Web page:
Aaron Simpson, Ben Jackson, Ashleigh L. Thornton, Michael Rosenberg, Brodie Ward, Peter Roberts, Amanda Derbyshire, and Timothy Budden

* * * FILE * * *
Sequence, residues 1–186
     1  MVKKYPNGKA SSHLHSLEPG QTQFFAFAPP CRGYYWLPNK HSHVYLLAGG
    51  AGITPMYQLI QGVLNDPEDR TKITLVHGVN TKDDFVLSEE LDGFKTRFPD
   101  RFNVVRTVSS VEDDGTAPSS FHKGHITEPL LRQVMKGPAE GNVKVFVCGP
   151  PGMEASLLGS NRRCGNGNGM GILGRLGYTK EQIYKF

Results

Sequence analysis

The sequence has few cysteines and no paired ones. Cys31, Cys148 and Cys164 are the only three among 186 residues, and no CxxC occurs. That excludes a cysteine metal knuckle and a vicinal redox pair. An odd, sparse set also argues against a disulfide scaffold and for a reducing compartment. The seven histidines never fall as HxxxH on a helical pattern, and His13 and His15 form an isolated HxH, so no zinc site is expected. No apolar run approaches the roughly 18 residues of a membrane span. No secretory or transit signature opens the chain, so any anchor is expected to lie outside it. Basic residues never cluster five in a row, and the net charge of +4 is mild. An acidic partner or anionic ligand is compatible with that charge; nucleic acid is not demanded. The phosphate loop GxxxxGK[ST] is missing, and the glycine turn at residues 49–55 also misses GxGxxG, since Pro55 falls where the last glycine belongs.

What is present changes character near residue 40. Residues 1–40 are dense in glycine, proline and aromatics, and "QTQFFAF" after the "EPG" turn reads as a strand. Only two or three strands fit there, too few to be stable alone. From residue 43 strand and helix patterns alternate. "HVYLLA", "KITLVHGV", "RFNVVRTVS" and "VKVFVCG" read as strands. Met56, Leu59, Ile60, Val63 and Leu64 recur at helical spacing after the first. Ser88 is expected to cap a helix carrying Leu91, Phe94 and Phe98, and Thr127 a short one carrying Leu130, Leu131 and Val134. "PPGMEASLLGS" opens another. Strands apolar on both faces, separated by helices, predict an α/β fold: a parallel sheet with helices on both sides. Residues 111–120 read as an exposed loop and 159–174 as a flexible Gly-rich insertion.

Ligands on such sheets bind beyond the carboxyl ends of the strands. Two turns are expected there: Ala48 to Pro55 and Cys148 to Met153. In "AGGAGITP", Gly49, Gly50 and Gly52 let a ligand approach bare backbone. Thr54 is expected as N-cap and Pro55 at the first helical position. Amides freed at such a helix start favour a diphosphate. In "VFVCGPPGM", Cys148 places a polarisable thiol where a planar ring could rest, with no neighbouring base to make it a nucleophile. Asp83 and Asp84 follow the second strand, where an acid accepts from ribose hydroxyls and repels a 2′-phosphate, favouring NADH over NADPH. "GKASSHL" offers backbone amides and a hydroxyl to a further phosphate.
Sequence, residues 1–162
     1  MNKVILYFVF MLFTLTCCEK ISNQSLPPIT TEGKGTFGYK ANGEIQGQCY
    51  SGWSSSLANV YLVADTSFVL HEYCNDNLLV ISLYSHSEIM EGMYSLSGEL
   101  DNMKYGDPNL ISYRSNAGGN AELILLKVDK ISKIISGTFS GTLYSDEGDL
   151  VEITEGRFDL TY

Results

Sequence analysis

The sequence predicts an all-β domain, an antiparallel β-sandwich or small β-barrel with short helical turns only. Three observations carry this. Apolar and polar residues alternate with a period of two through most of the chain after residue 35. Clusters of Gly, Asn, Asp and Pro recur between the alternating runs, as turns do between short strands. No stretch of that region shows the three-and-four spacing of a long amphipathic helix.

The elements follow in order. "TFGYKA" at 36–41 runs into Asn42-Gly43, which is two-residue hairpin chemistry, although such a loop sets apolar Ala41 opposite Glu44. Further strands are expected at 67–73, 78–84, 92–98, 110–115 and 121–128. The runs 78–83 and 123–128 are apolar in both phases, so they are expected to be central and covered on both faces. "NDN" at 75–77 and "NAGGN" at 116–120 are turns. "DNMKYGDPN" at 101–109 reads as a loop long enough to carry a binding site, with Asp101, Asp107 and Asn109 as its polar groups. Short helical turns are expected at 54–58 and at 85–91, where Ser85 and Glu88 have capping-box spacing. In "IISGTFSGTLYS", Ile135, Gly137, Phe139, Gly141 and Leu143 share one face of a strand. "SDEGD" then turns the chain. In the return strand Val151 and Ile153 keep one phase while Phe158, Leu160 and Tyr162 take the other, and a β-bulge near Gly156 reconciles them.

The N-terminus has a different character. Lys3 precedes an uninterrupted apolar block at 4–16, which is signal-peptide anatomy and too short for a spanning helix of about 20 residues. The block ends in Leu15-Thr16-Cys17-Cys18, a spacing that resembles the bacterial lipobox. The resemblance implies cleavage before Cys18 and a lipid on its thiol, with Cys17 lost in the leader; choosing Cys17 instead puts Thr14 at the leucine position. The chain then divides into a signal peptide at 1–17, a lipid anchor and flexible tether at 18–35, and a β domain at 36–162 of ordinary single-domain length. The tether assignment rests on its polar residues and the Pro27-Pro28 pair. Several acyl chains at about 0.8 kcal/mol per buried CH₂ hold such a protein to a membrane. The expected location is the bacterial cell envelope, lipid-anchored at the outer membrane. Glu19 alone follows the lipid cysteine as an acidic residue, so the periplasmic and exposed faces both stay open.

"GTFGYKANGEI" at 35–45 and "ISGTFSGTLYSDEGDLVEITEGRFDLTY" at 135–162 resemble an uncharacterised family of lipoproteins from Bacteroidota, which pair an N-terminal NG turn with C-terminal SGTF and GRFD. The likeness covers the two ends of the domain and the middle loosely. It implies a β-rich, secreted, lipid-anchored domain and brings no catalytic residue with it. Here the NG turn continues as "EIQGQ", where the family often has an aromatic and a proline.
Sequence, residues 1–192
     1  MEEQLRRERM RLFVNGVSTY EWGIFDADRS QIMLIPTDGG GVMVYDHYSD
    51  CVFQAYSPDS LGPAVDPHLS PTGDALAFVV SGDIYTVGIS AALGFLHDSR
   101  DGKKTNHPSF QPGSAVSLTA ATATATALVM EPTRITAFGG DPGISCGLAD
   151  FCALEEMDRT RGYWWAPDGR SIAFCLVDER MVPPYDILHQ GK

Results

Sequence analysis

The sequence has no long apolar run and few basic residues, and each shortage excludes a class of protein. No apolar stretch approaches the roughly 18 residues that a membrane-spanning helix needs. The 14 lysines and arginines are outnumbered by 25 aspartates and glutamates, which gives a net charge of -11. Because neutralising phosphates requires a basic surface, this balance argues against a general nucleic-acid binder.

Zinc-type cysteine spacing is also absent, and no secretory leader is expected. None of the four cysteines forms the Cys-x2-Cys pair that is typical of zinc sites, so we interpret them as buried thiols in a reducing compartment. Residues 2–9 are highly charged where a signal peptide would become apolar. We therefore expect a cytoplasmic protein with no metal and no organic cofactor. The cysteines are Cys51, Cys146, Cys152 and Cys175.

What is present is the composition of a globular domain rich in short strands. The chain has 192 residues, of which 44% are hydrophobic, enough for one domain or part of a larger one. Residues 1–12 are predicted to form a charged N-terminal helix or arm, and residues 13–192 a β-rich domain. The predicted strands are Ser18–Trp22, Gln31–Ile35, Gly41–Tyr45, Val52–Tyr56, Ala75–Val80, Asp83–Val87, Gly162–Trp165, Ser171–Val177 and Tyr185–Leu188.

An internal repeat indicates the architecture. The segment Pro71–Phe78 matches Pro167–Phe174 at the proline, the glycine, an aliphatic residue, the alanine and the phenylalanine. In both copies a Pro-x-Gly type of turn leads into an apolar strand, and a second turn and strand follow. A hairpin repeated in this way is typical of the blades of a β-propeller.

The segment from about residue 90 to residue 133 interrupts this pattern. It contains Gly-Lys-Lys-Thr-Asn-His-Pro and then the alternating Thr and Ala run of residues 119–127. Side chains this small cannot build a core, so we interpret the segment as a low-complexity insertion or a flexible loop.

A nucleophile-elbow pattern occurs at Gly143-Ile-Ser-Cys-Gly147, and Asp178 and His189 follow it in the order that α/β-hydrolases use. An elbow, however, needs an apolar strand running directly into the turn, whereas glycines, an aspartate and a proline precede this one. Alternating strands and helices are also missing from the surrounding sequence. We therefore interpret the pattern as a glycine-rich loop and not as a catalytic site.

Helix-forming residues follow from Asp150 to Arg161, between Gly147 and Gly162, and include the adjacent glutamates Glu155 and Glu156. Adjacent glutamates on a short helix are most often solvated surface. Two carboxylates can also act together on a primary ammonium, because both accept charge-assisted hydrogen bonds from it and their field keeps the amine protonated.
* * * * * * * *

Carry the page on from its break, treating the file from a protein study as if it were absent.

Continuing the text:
Physical literacy development in early childhood, viewed by many as the foundation for lifelong physical activity engagement, is significantly influenced by parents. Our aim was to explore parents’ understanding of physical literacy and gain insight into their perspectives on physical literacy promotion. We recruited 18 parents of children between 5 and 8 years old in Australia. Using semistructured interviews and thematic analysis, we identified several key issues regarding parents’ understanding and implementation of physical literacy. Parents expressed interest in improving their implementation of physical literacy practices and had (often unintentionally) provided support for physical literacy subcomponents in the past. However, they described difficulties prioritizing physical literacy above other parental demands and expressed conflicting perceptions regarding where the responsibility should lie for developing their child’s physical literacy (e.g., at home or at school). To ensure that the physical literacy “message” reaches parents, we encourage physical literacy promoters to consider the target (e.g., responsibility, priorities, and awareness) of their promotional strategies. Further investigation into the influence of sociocultural and economic factors on parents’ understanding and application of physical literacy is warranted.